Ophthalmologists Spend Substantial Time on EHR Use

Tara Haelle

October 17, 2017

Ophthalmologists spent more than a quarter of their time with patients on electronic health records (EHRs), despite already having limited time overall to spend with patients, according to a single-center cohort study published October 12 in JAMA Ophthalmology.

"Physicians face growing time pressures as care of chronic medical issues becomes more complex and as increasing emphasis is placed on reporting patient satisfaction and quality of care metrics," write Sarah Read-Brown, BA, and colleagues from Oregon Health & Science University in Portland. "These time pressures may have negative consequences for patients, as research suggests that physician performance suffers under time pressure."

They add, "[T]hese findings highlight the importance of developing EHRs to meet the needs of patients and physicians and to develop appropriate training programs to improve the quality and efficiency of care."

The researchers analyzed medical record and EHR audit log time stamps for 27 ophthalmologists from September 2013 through December 2016. All the ophthalmologists had worked at Oregon Health & Science University's Casey Eye Institute for at least 6 months before and after the study period, had a standard clinical practice, and used EHR.

The researchers also directly observed five ophthalmologists during at least five half-day clinic sessions to measure how much time they spent with patients on EHR use, conversation, and examination. The ophthalmologists came from five different subspecialties: comprehensive, cornea, glaucoma, pediatrics, and retina.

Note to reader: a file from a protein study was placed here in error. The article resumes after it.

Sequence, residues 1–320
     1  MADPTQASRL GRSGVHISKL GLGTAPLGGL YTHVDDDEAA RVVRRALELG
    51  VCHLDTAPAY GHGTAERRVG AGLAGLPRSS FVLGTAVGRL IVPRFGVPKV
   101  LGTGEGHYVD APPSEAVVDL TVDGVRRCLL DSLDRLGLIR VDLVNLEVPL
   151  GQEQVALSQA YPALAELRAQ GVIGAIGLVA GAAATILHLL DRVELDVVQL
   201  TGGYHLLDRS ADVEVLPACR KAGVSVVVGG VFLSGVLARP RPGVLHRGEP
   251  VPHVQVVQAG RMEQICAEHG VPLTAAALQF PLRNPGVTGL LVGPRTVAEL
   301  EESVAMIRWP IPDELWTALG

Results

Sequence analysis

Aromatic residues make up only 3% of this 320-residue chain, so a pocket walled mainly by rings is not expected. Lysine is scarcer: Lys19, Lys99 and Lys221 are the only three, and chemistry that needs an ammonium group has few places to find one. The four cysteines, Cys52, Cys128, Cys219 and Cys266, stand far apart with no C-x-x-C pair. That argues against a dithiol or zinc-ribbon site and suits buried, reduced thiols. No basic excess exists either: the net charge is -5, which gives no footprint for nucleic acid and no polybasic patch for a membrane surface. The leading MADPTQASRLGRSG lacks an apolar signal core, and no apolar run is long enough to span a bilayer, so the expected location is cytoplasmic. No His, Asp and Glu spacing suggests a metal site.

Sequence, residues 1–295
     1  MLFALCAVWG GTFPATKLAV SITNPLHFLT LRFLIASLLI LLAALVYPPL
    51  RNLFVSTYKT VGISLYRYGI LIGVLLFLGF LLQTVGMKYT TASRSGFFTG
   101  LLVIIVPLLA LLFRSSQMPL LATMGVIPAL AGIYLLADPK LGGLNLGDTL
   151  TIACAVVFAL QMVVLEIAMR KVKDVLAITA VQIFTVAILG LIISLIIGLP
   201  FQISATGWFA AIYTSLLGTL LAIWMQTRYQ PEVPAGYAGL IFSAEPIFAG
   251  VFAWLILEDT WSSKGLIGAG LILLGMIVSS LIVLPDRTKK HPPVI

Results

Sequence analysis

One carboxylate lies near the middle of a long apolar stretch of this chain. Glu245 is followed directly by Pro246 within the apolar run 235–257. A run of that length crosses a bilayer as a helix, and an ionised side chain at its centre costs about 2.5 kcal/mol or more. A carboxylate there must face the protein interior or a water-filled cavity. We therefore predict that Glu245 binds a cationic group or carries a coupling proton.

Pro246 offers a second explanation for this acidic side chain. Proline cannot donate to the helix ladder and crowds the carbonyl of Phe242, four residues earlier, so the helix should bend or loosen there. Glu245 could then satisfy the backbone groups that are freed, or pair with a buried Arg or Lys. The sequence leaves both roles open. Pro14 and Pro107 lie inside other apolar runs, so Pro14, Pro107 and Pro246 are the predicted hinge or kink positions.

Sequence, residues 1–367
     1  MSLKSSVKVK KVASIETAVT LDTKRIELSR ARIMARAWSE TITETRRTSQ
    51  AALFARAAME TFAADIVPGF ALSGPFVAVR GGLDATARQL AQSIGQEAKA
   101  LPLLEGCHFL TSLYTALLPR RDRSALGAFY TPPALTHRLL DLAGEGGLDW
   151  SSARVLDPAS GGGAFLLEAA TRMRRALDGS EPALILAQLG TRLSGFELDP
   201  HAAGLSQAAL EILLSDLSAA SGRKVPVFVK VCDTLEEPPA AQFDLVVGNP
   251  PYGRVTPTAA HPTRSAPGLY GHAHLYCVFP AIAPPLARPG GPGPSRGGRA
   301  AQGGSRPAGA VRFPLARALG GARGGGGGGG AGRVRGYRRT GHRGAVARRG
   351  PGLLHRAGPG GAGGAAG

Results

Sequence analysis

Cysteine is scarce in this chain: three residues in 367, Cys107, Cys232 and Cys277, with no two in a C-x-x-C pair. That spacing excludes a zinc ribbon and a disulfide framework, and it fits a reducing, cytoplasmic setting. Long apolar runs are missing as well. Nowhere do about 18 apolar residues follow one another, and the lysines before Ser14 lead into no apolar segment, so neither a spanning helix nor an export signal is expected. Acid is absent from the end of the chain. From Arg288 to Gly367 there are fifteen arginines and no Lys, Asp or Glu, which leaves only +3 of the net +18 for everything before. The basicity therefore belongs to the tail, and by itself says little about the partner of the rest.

Among the 27 ophthalmologists, 10 were women, 17 were men, and their average age was 47.3 years. The ophthalmologists spent an average 11.2 minutes with patients, which broke down into a mean 3 minutes (27%) on EHR, 4.7 minutes (42%) on conversation and 3.5 minutes (31%) on examination. The ophthalmologists spent an average total of 10.8 minutes on EHR per patient encounter, ranging from 5.8 to 28.6 minutes.

Across a typical full clinical work day, ophthalmologists used the EHR for 3.7 hours, including 2.1 hours during patient encounters and 1.6 hours outside clinical encounters. Removing two physicians from the analysis who were outliers in terms of their time spent with patients did not significantly change average time spent using EHR.

The researchers did not design the study to analyze quality of care or patient outcomes, but they expressed concern about the potential effects of EHR use.

"Although EHRs have enormous potential to improve quality of care, they also create clerical and cognitive burdens, bloated records with copied and pasted text, and frequent interruptions that threaten the potentially beneficial outcomes," the authors write. "Several surveys have shown a correlation between EHR use and physician burnout due to EHR-related stress and significant EHR time spent outside traditional work hours."

The authors also reported variation among the ophthalmologists studied.